Literacy Strategies for the Science Classroom
Note: see the attached "Resources.pdf" document for all materials referenced on this page.
The KIM vocabulary chart is simple to use and can be done as a student handout or students can set up pages in their notebook for this strategy. The strategy is based upon a 3 column graphic organizer. Students write the key term (K) in the left column, information (I) about that term in the middle column, and provide a memory clue (M) in the form of a drawing in the last column.
Frayer circles are graphic organizers consisting of a small inner circle which contains the term or concept being addressed surrounded by a larger outer circle divided into four sections in which students add additional information related to the original term. The original Frayer model labels these four sections as Definition, Characteristics, Examples, and Nonexamples. Many variations can be made by changing the sections to include illustrations, word usage, or characteristics.
Concept definition webs assist students in gaining insight into the meaning and characteristics of key vocabulary. The webs are filled in as a student reads and studies about a particular term. The strategy here is to create a rich full understanding of the term by answer three basic questions: “What is it?” “What is it like?” and “What are some examples?” While a blackline master is provided for this graphic organizer I have found students would rather create their own using Cmap (freeware), inspiration, or SMART ideas software.
In the strategy students complete a graphic organizer that can be photocopied or reproduced in the student’s notebook. Here the students are encouraged to be actively engaged in the material by accessing prior knowledge, predicting, checking on their predictions and summarizing. This strategy can be incorporated into several areas of the 5-E instructional model often used in science courses. It can be used to engage students, to explore a topic through reading, or can be used to evaluate students on knowledge gained from the reading assignment.
Text mapping has been beneficial to many of the students I have been working with over the past two years, especially those who struggle remembering what they were assigned to read. This strategy combines elements of a concept definition web (Barton & Jordan) and those of the P.L.A.N. strategy (Caverly, Mandeville, & Nicholson). The text map is used both as a pre-reading and a during reading strategy. Students survey the assigned reading section of the text making note of the headings, subheadings and boldface terms from the selection. Students then use this information to create a map of the assigned section. Students then review the map placing a check mark beside new vocabulary or concepts. Students can then add supporting information to the map as they read the assigned text. Students also enjoy this strategy using Cmap or other mapping software.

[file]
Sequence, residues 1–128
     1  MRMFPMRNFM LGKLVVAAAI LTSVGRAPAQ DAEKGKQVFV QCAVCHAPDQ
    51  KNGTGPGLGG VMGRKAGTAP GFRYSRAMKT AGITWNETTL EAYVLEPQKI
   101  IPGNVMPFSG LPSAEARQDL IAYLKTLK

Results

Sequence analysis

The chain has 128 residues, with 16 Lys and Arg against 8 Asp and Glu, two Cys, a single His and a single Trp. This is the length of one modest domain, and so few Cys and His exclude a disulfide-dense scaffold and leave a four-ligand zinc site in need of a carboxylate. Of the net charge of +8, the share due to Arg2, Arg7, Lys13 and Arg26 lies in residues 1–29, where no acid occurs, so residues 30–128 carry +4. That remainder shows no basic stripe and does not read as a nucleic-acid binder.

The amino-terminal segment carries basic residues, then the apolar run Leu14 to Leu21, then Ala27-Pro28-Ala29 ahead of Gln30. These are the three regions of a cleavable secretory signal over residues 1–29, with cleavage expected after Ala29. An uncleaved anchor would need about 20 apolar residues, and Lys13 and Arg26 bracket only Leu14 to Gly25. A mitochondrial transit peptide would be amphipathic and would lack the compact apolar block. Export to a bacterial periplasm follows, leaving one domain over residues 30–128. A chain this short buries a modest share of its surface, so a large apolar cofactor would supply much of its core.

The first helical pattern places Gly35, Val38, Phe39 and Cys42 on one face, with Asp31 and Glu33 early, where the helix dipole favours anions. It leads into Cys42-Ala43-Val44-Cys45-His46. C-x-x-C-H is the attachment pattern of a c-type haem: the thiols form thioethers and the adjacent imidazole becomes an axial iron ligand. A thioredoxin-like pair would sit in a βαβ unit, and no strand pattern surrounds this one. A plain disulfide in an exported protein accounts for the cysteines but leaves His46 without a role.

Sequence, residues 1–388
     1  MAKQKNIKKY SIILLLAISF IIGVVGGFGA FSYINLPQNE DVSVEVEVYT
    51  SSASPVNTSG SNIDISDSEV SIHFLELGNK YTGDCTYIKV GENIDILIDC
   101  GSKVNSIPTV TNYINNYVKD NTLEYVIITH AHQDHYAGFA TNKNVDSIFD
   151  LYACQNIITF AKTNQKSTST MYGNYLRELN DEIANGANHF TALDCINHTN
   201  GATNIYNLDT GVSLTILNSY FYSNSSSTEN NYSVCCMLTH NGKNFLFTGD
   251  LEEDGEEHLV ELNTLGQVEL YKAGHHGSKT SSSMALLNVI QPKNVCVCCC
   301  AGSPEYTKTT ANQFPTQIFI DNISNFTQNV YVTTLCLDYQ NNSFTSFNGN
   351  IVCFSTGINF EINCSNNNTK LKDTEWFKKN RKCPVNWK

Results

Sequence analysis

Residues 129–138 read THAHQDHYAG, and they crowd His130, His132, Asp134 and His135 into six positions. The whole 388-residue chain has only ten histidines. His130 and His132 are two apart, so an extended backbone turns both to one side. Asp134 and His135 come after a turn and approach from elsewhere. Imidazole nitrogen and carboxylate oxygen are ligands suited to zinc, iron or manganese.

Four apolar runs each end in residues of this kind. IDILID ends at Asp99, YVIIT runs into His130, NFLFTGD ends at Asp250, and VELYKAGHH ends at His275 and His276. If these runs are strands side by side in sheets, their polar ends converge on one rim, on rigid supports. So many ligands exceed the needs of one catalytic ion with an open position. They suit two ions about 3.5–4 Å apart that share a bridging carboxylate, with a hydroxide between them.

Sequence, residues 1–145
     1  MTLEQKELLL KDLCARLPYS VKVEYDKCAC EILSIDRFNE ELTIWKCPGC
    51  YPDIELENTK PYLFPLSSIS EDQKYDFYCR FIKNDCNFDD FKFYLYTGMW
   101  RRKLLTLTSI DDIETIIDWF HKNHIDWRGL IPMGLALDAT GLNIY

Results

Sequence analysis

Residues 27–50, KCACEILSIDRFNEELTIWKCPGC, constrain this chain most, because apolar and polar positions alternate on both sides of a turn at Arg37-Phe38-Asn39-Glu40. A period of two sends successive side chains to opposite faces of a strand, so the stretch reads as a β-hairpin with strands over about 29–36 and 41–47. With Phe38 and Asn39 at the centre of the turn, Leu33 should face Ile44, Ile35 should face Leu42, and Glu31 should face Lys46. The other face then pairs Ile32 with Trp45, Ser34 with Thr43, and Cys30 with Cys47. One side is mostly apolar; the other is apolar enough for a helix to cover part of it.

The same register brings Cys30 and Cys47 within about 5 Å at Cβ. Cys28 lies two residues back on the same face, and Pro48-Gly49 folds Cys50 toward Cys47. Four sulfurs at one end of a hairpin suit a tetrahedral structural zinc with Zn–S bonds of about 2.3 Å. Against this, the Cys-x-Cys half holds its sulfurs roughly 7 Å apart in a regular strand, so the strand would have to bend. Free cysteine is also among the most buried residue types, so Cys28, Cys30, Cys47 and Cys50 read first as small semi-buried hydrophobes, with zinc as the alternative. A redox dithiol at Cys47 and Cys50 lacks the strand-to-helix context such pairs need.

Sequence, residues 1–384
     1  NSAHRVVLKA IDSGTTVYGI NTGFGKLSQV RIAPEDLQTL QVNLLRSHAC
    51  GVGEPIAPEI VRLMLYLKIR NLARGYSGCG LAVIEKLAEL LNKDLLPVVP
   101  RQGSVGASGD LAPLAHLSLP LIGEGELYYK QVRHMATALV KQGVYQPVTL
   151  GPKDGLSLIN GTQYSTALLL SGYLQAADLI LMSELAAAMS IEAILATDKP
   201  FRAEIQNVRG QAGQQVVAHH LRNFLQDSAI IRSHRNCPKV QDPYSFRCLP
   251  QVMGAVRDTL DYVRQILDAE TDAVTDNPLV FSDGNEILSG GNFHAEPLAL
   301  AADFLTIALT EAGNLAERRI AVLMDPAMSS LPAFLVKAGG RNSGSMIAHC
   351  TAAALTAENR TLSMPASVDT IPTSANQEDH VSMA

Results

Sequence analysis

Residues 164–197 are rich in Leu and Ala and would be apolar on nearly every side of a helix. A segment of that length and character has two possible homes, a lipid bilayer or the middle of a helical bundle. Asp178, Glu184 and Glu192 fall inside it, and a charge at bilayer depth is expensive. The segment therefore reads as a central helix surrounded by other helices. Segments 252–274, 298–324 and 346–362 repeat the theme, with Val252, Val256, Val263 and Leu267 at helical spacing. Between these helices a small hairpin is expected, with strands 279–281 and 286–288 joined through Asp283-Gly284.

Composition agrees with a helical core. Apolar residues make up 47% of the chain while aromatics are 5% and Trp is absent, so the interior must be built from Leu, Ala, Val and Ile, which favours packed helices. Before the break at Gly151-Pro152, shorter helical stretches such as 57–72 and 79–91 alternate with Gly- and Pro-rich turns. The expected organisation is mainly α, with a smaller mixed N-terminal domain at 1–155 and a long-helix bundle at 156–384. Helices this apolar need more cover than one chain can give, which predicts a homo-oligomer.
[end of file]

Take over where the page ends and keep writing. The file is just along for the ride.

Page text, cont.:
For using the four A’s text protocol we developed a graphic organizer for the students to use to complete their response to each of the four questions. This strategy is best used with articles from newspapers or magazines. The strategy actively engages students in reading while helping to develop critical thinking skills
Bayerl, Katie. " Publications." 2007. Early College High School Initiatives. August 2008
Barton, Mary Lee & Deborah L.Jordon. Teaching Reading in Science 2nd edition. Aurora: MCREL, 2001.
Bost, Rod, et al. "Mastering scientific vocabulary: three approaches to vocabulary instruction." School Science Review (2008): 115-120.
Caverly, D. C. and T.F., & Nicholson,S.A. Mandeville. "PLAN: A study-reading strategy for informational text. ." Journal of Adolescent & Adult Literacy (1995): 190-199.
Gillis, Victoria R. and Gregory MacDougall. "Reading to learn science as an active process". The Science Teacher (2007 45-50.
Gray, J. (2002). Text-based protocol: 4 A’s. Retrieved March 22, 2007, from http://www.vancouver.wsu.edu/programs/edu/prissm/documents/06/Summer%20A...
Miler, Linda, et al. "Literature circle roles for science vocabulary". The Science Teacher (2007) 52-56.
Steele, Kathie. Four Vocabulary Strategies for High School Students. 3 December 2008
Thier, Marlene & Bennett Davis. The New Science Literacy. Porthsmouth: Heinemann, 2002.
Vacca, Richard T. and Jo Anne Vacca. Content Area Reading. New York: Addison Wesley Longman, 1998.
Reports the latest in headline science while not getting too technical for the classroom. Also provides enlightening essays and graphics on many scientific topics. Some of the graphics work very well for document based question discussions.
This biweekly publication is a excellent source for the latest word in science although many articles will only be appropriate for honors or other advances courses.
The Great Books Foundation has three terrific volumes devoted to science topics. These include The Nature of Life: Readings in Biology, Keeping Things Whole: Readings in Environmental Science and What’s The Matter: Readings in Physics. A class set of any of these anthologies will provide an excellent collection to supplement many programs. The material in these anthologies is taken from the original authors who made ground breaking discoveries in science.
A freeware mapping tool available at http://cmap.ihmc.us/conceptmap.html
Concept mapping software package from SMART Technlogies. http://www2.smarttech.com/st/en-US/Products/SMART+Ideas/
An online mapping program. Great for use with projection equipment or SMARTboards. Students can even collaborate on mapping projects. Now in Beta from so subscription to the site is free! http://mywebspiration.com/